Skip to content

    Genetics

    Font Size
    A
    A
    A

    Carrier Identification

    Every person carries two copies of most genes (one copy from the mother and one from the father). A carrier is a person who has a change in one copy of a gene. The carrier does not have the genetic disease related to the abnormal gene. A carrier can pass this abnormal gene to a child. Carrier identification is a type of genetic testing that can determine whether people who have a family history of a specific disease, or who are in a group that has a greater chance of having a disease, are likely to pass that disease to their children. Information from this type of testing can guide a couple's decision about having children.

    For many genetic disorders, carrier testing can help determine how likely it is that a child will have the disease:

    Recommended Related to Pregnancy

    Top Pregnancy Health Stories of 2007: Readers' Choice

    How to handle embarrassing pregnancy symptoms? Can you exercise -- and what should you eat -- while pregnant? And how do you get that pregnancyskin glow? You'll find those topics on this list of the 10 most viewed pregnancy health stories on WebMD for 2007. 6 Embarrassing Pregnancy Symptoms Pregnancy Symptoms: What They Never Told You Foods to Avoid When You're Pregnant Pregnancy: Healthy Eating for Two Toxins and Pregnancy ...

    Read the Top Pregnancy Health Stories of 2007: Readers' Choice article > >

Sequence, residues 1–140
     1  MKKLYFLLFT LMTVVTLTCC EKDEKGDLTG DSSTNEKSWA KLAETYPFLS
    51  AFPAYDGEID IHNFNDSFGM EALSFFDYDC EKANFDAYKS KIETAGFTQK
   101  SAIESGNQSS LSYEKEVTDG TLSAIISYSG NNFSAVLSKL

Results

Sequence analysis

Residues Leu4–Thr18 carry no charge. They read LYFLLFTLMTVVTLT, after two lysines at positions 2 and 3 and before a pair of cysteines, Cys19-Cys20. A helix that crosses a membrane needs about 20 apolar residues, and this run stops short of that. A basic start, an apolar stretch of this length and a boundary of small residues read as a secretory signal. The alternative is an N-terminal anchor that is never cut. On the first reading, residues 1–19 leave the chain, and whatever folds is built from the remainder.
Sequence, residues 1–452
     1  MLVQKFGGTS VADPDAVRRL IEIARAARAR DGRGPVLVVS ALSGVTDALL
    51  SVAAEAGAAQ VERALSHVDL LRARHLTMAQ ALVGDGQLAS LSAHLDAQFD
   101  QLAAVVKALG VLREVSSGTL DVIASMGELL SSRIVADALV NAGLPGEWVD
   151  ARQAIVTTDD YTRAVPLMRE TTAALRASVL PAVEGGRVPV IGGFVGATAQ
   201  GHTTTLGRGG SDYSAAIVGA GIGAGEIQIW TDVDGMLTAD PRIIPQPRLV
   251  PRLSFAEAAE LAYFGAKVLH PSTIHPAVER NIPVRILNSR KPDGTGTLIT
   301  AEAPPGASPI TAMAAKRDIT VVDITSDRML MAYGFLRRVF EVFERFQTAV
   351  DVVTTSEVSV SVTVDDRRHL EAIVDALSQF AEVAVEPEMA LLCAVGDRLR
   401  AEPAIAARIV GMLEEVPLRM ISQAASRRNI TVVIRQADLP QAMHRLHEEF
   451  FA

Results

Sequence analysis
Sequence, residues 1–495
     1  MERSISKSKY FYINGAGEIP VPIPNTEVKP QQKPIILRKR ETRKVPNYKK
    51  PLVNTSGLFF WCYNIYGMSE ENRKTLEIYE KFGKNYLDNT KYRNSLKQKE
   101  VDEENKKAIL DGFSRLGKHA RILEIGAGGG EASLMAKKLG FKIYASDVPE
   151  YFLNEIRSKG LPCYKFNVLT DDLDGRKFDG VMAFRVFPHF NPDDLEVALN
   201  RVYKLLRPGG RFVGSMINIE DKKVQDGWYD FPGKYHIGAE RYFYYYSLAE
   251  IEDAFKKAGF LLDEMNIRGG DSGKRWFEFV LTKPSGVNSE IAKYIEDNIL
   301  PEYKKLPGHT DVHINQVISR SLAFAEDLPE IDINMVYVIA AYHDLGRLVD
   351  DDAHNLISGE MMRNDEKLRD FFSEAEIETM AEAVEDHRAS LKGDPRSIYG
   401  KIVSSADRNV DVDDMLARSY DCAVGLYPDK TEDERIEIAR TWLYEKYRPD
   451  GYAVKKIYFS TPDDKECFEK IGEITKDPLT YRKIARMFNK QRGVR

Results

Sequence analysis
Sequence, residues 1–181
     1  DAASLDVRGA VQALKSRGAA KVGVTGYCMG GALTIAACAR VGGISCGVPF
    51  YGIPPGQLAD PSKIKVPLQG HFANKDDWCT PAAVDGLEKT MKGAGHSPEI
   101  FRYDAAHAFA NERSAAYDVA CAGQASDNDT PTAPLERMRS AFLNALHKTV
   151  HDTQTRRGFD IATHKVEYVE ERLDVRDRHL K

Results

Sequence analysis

• If both parents carry the abnormal gene, there is a 1-in-4 (25%) chance that their child will have the disease and a 2-in-4 (50%) chance that their child will be a carrier of the disease (but will not have it). There is also a 1-in-4 (25%) chance that the child will not get the abnormal gene and so will not have the disease nor be a carrier.
    • If only one parent carries the abnormal gene, the child has a 1-in-2 (50%) chance of being a carrier but almost no chance that he or she will have the disease.

    Examples of screening tests to identify carriers for specific genetic disorders include:

    • Cystic fibrosis carrier screening. This test identifies the most common changes (mutations) in the cystic fibrosis transmembrane regulator (CFTR) gene. Many couples planning to become pregnant have this type of screening to determine whether either or both of them carry a defective CFTR gene.
    • Tay-Sachs test. This test is used to identify Tay-Sachs carriers. People of Ashkenazi Jewish or French-Canadian descent or those who have a family history of Tay-Sachs disease may choose to be tested to see if they are a Tay-Sachs carrier.
    1

    WebMD Medical Reference from Healthwise

    Last Updated: March 12, 2014
    This information is not intended to replace the advice of a doctor. Healthwise disclaims any liability for the decisions you make based on this information.
    Next Article:

    Hot Topics

    WebMD Video: Now Playing

    Click here to wach video: Dirty Truth About Hand Washing

    Which sex is the worst about washing up? Why is it so important? We’ve got the dirty truth on how and when to wash your hands.

    Click here to watch video: Dirty Truth About Hand Washing

    Popular Slideshows & Tools on WebMD

    disciplining a boy
    Types, symptoms, causes.
    fruit drinks
    Eat these to think better.
    embarrassed woman
    Do you feel guilty after eating?
    diabetes supply kit
    Pack and prepare.
    Balding man in mirror
    Treatments & solutions.
    birth control pills
    Which kind is right for you?
    Remember your finger
    Are you getting more forgetful?
    acupuncture needle on shoulder
    10 tips to look and feel good.
    Close up of eye
    12 reasons you're distracted.
    woman biting a big ice cube
    Habits that wreck your teeth.
    apple slices with peanut butter
    What goes best with workouts?
    Pink badge on woman chest to support breat cancer
    Myths and facts.

    Women's Health Newsletter

    Find out what women really need.